Supply chains: preventing a weak link

Bill Bacon, managing director for automotive at DHL Supply Chain, explains why it’s more important than ever for both manufactures and suppliers to have greater resilience in their supply chains so not to fracture the growth in British auto manufacturing.

Increasing volatility and uncertainty in global supply chains can cause traditional supply chain management models to break down. Natural disasters, socio-political unrest, economic uncertainty, market volatility – these and more can threaten catastrophic disruption without warning.

In 2011, when the unthinkable happened – the Fukushima tsunami and nuclear disaster in Japan – the global automotive industry was already busy recovering from the U.S. financial crisis, dealing with a European market damaged by the Eurozone debt crisis, and scrambling to meet demand in markets, growing exponentially, like China and India.

Manufacturing was affected by the compound disaster in Japan. But some of its suppliers were devastated. The automotive industry woke up to the fact that while its just-in-time (JIT) business model and super lean, highly inter-dependent supply chains were wildly efficient, they also were brittle – susceptible to disruption on a potentially massive scale.

It is important to remember that almost all businesses face some degree of some risk, which will be outside immediate control, especially in a global marketplace. A business’s supply chain is often at the forefront of facing risk and is one of the most exposed areas to external factors.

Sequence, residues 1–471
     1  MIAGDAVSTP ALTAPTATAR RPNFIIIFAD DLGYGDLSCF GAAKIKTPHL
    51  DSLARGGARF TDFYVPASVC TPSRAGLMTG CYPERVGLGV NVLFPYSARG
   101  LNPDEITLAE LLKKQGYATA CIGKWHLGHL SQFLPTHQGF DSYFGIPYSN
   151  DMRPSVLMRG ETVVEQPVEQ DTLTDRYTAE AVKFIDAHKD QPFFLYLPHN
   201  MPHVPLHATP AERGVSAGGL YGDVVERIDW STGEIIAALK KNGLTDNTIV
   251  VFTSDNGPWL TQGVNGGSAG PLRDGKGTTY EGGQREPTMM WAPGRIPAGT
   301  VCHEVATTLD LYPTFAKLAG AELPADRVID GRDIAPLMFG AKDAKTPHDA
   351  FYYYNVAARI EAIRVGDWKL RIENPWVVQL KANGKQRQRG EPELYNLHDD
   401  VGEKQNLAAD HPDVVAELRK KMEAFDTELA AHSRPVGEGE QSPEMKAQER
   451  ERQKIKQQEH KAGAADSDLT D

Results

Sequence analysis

More and more original equipment manufacturers (OEMs) are also obtaining parts from multiple suppliers and not just the authorised tier one suppliers, adding even more complexity to the automotive supply chain, and consequently greater risk.

Acting on this knowledge, the industry and its supply chain partners have embarked on efforts to craft a revised operating model: supply chains that are simultaneously lean and resilient. Even the government is taking part, recently allocating £24 million to aid UK suppliers to the automotive industry.

It makes sense then that we’re seeing more and more OEMs currently looking at getting better visibility and traceability of car parts so that they can see where any issues might arise. Whilst issues such as natural disasters can’t be foreseen or avoided, there are plenty of other issues that can, and therefore ultimately keep the industry running smoothly.

The automotive industry’s journey toward creating supply chains that are simultaneously lean and resilient is still in its early stages but at DHL Supply Chain resilience has been a priority for the last couple of years.

Car output in the UK is expected to reach all-time record volumes by 2017, and so naturally, the supply chain will need to keep up with the demand. A competitive supply chain is a vital ingredient in a successful automotive industry. The evolution towards this resilient supply chain model is ongoing. Automotive companies are re-balancing their supply chains to build in carefully managed tolerances for volatility.

The goal is to build a supply chain that can tackle conditions of systemic volatility – good and bad – ranging from the ordinary to the unthinkable. And do so while preserving or enhancing profitability, contributing to a stronger and more successful industry.